Tuesday, September 16 at 7:00pm
Free Admission • $5 suggested donation
One of the most powerfully eloquent films ever made about the absurdity war, Jean Renoir’s Grand Illusion tells the moving story of a group of French officers who have been taken prisoner during WWI.
“If I had only one film in the world to save, it would be Grand Illusion.” – Orson Wells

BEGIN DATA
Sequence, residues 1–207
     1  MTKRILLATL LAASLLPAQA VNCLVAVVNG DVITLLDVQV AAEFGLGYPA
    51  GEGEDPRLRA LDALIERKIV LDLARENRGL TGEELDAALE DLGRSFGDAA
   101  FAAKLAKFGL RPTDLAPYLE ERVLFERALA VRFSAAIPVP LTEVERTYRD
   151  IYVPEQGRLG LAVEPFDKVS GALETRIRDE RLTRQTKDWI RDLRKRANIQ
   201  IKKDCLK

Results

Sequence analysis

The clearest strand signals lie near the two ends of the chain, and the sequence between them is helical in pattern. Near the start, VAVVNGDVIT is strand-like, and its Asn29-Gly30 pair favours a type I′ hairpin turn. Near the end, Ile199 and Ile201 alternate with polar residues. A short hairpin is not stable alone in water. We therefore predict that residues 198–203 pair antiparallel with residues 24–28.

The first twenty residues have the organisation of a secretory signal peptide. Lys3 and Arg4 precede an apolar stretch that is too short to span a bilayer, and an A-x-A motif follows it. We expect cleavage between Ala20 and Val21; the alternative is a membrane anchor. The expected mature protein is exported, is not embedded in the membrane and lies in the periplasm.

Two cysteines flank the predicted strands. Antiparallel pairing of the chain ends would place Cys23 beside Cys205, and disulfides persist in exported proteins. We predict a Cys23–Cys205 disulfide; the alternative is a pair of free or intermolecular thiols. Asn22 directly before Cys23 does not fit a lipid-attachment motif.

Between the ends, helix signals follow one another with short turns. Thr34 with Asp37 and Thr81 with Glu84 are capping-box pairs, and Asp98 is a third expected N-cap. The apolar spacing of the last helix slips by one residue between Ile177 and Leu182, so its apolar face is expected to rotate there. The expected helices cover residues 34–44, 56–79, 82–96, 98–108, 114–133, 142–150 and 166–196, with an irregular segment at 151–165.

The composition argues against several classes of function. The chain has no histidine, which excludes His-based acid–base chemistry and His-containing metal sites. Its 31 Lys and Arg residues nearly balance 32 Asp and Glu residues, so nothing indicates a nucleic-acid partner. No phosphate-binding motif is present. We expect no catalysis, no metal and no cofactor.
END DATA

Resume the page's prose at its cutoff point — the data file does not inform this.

Aristocratic Captain de Boeldieu (Peirre Fresnay, The Man Who Knew Too Much) and his mechanic, Lieutenant Maréchal (Jean Gabin, Pepe le Moko) are shot down by Captain von Rauffenstein (Erich von Stronheim, Sunset Boulevard), who treats them with customary officers’ hospitality. The two downed pilots are then sent to a German POW camp, where they quickly join a group of prisoners, including a nouveau riche Jewish man (Marcel Dalio, To Have and Have Not), who have concocted an elaborate escape plan. Their plot is foiled, however, as they are transferred to a new camp, the formidable Wintersborn fortress, run by Rauffenstein, who is now grounded due to battle wounds. Rauffenstein, lamenting the end of an aristocratic era, tries to befriend de Boeldieu, with whom he shares a similar background and social rank, but the French captain is already hatching a new escape plan – one in which he puts himself in danger to allow the others to escape. Told with his usual deceptive simplicity and visual panache, Renoir’s Grand Illusion, along with his 1939 classic Rules of the Game, is at once an elegant, class-conscious farewell to Europe’s ancient aristocracy and a profound warning against another world war that Renoir surely sensed was inevitable. A deeply humane exploration of the inhumanity of war and the power of friendship to transcend national boundaries, Grand Illusion was not only the first foreign film to be nominated for a Best Picture Academy Award, it was also championed by President Roosevelt, who pronounced “everyone who believes in democracy must see this film.”